Postscript to Long Life post
More information about fasting, not about being female!
In yesterday’s post on Learning from Dogs, I wrote that there are two important aspects of living a longer life. The first one was be a female and the second one was about fasting. I propose to expand a little on that second aspect because of the number of people who found the topic so interesting.
In yesterday’s post there was reference to the work that Professor Valter D. Longo of the University of Southern California (USC) has been undertaking. As the USC web reference explains, Valter Longo is the Director of the Longevity Institute, a Professor of Gerontology and Biological Sciences and the Edna Jones Chair of Biogerontology, so if anyone understands how humans tick, it’s likely to be this man! As his research overview states,
He is interested in understanding the mechanisms of aging in organisms ranging from yeast to humans. The focus is on the conserved nutrient signaling pathways that can be modulated to protect against age-dependent oxidative damage and delay or prevent diseases of aging including cancer, diabetes and neurodegenerative diseases.
(Any questions, ask Prof. Longo not me!)
The other learned person referred to in yesterday’s post was Dr. Krista Varady. This is what was written,
Dr Krista Varady of the University of Illinois at Chicago carried out an eight-week trial comparing two groups of overweight patients on ADF. (ADF = Alternative Day Fasting)
Over on the Healthy Fellow blogsite, there’s an interview with Dr. Varady. The web link of that interview is here and crossing over and reading the full interview is much recommended. Here’s a taste, pardon the pun, of that interview:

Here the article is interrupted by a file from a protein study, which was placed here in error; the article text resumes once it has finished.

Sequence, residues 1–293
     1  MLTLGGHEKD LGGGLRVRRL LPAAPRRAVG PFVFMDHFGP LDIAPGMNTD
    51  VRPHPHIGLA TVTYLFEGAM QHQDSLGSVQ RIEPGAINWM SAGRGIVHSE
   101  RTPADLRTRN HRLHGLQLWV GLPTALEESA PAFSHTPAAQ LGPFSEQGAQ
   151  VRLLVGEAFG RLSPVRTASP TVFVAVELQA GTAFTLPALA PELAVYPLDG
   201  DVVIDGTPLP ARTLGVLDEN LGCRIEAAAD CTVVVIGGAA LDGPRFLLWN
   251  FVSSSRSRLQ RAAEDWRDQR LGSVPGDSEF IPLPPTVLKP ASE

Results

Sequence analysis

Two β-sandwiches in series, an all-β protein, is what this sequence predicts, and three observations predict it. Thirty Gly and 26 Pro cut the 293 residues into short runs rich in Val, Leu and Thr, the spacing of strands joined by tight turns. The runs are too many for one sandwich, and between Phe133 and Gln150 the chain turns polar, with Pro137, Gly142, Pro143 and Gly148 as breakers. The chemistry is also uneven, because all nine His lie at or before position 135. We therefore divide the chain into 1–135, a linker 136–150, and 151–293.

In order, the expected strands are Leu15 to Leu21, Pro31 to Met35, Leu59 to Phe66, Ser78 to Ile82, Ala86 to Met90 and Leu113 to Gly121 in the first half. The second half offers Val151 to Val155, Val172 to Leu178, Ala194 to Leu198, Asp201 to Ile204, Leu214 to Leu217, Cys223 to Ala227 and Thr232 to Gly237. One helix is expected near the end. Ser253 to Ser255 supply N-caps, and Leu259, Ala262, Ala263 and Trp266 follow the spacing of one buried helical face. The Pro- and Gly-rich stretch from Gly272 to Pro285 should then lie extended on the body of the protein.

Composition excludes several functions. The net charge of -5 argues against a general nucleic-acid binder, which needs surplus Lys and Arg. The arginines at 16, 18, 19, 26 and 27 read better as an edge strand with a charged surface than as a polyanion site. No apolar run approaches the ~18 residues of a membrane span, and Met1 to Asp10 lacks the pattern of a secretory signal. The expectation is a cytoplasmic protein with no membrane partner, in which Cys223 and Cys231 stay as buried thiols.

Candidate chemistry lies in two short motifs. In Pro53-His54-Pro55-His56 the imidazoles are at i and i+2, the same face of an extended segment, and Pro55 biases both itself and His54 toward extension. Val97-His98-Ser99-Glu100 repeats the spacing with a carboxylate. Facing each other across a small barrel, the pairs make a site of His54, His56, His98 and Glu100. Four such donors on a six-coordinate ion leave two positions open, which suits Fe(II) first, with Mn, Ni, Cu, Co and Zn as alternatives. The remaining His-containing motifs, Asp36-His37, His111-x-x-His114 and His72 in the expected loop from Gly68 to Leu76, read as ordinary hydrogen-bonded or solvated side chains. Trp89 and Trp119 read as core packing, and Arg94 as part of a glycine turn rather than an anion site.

JP: Can you help explain the distinctions between alternate day fasting and caloric restriction?
Dr. Varady: Caloric restriction is basically daily calorie restriction where an individual would restrict themselves by about 15% to 40% of their energy needs daily. So basically every single day you’re undergoing the same amount of restriction, whereas alternate day fasting involves a fast day wherein the individual would only eat 25% of their energy needs. So about 500 calories or so and that’s alternated with something called a “feed day” where the individual would eat ad libitum – so as much as they want. However in our studies we show that people end up losing weight because they can’t fully make up for the lack of food on the fast day on the feed day.
Let me add a personal perspective on this. On the morning of the first day after our two-day fast, my weight was 162.5 lbs (73.71 kg), on the morning of the second day after our fasting days my weight was 161.8 lbs (73.39 kgs) and on the morning of the third day after our fasting, my weight was 161.6 lbs (73.30 kgs). Ergo even though we were back to eating normally for three days after our two days of fasting, I continued to lose 0.9 lbs (0.4 kgs).
As is said, we are what we eat and I shall close this postscript with a link to an article on the Mother Nature Network website that was published a little over a year ago: 18 foods that fight common ailments - Try healthy eats that help fight diabetes, heart disease, migraines and more.
So may we all live forever!